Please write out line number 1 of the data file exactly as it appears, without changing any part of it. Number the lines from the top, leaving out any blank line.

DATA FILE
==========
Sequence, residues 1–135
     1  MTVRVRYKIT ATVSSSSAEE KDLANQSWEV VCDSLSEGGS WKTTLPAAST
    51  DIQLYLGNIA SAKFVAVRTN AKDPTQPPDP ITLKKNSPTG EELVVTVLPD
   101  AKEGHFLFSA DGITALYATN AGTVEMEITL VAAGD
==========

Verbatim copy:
Sequence, residues 1–135